Law

Father Robert Drinan

Rev. Robert Drinan, an internationally known human rights advocate, Jesuit priest, lawyer, and former U.S. Congressman, died Sunday after a long illness. He was 86. Father Drinan, professor at the Georgetown University Law Center, authored thirteen books, including  Can God and Caesar Coexist?: Balancing Religious Freedom and International Law and

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Same, Different, Equal: Rethinking Single-Sex Schooling

In the coming weeks, the federal Department of Education is expected to issue final regulations allowing public school districts greater flexibility in establishing classes and schools that separate students on the basis of sex. The new rules will represent an about-face on federal interpretations of Title IX, the law prohibiting

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Publishing Gone Digital

Digital publishing is much on the minds of publishers, authors, and readers these days, since Yale law professor Yochai Benkler came out with his new book The Wealth of Networks: How Social Production Transforms Markets and Freedom. In this comprehensive social theory of the Internet, Benkler describes how patterns of

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Profit with Honor

On Thursday last week, after a trial stretching four months and jury deliberations spanning six days, former Enron executives Kenneth Lay and Jeffrey Skilling were convicted of fraud and conspiracy, crimes for which they could face life sentences in prison. “The jury sent an unmistakable message,” prosecutor Sean Berkowitz said.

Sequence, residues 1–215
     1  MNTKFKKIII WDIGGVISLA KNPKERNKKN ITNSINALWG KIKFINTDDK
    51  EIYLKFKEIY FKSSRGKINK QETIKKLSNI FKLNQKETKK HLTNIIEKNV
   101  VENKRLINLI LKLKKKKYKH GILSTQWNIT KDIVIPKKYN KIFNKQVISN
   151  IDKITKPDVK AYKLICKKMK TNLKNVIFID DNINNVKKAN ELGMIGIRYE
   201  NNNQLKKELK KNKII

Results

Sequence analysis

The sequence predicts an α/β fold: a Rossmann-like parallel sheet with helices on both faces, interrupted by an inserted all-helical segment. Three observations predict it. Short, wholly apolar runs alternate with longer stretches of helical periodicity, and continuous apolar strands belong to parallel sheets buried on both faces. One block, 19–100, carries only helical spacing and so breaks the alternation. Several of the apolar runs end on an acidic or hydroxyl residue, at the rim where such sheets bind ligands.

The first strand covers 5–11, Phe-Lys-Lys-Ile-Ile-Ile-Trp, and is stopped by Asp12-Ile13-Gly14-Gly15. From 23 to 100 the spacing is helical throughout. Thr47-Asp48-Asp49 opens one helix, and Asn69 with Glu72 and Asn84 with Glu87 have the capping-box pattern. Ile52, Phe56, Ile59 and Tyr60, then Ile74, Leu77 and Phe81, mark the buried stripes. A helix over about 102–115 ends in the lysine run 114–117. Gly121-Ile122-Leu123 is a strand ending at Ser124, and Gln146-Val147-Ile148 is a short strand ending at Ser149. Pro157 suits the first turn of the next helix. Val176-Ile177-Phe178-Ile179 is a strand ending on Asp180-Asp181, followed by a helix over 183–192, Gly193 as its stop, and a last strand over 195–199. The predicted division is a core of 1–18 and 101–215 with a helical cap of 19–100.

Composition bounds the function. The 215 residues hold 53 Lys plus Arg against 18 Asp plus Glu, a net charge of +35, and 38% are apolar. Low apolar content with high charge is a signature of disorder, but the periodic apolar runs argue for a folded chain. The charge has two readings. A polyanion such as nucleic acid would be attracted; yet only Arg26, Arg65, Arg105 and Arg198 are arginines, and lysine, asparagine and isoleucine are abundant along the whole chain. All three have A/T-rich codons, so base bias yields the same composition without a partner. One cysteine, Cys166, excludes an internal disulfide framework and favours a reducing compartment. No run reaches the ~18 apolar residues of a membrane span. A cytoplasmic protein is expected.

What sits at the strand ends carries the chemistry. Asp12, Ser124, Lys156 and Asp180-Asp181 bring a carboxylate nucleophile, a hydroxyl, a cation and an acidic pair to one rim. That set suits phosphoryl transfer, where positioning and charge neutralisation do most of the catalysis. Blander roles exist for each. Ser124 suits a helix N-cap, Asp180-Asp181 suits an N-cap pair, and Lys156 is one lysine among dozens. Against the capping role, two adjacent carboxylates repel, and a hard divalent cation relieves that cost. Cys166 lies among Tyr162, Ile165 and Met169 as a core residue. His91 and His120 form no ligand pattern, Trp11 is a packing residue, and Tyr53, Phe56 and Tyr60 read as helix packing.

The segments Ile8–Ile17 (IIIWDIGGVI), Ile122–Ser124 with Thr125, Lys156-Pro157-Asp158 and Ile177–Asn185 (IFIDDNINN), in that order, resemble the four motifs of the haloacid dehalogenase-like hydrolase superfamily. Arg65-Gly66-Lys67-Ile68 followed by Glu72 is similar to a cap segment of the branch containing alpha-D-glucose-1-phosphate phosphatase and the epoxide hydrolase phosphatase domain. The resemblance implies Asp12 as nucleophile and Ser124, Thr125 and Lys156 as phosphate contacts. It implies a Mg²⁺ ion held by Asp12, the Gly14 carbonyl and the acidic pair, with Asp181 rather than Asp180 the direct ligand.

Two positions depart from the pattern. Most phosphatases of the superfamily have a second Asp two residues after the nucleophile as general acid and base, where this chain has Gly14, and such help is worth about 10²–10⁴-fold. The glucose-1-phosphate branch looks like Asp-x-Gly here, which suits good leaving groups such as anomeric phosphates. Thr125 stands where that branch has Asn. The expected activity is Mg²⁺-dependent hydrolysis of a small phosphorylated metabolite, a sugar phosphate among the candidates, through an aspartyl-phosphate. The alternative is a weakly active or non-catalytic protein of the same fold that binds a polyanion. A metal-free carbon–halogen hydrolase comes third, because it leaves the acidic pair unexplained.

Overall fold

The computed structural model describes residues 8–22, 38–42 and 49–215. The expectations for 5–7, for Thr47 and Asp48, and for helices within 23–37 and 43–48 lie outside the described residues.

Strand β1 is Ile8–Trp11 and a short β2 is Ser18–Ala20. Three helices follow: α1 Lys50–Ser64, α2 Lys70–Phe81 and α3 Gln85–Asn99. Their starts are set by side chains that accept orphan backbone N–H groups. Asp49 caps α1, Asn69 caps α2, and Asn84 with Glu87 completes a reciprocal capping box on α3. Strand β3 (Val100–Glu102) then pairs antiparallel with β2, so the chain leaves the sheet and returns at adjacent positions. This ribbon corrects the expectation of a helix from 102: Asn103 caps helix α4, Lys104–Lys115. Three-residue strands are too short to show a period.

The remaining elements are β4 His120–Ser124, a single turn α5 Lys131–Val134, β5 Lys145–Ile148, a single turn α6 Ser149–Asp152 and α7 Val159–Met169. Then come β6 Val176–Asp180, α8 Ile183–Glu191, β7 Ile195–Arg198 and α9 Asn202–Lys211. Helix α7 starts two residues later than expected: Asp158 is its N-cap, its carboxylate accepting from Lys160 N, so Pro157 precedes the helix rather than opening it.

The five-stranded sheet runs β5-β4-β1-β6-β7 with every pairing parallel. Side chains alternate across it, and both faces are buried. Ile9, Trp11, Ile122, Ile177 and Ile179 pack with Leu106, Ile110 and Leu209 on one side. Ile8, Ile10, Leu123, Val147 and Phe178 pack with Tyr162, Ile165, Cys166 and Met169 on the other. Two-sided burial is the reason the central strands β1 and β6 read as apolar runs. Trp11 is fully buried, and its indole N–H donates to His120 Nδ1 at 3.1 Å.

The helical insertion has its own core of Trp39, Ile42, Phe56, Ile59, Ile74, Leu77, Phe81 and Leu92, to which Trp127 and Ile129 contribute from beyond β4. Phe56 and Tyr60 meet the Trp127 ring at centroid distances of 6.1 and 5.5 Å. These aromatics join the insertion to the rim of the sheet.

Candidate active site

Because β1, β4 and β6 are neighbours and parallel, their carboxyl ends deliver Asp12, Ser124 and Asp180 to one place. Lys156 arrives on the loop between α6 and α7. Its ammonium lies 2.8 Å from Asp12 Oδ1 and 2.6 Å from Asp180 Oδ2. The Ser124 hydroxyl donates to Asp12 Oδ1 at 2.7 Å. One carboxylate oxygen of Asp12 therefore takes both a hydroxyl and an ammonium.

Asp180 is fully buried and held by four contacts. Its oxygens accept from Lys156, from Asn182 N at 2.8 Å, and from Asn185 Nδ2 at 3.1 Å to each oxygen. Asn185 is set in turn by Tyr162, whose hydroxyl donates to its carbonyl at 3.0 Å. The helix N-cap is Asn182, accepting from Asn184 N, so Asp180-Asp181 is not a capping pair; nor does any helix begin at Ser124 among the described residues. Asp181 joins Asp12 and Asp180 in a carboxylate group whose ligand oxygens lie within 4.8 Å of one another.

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The Wealth of Networks

New technologies have brought us to a critical moment of transition. Will markets, social relationships, and democracy ever be the same again? Yale University Press author Yochai Benkler will be giving a free public talk about the ideas in his new book, The Wealth of Networks: How Social Production Transforms

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Before the Next Attack: Preserving Civil Liberties in an Age of Terrorism

An editorial in today’s New York Times states, “[President] Bush’s decision after 9/11 that he had the power to put prisoners beyond the reach of the law at his choosing was the first attempt to suspend habeas corpus on American territory since the Civil War.” It continues: The retired Justice

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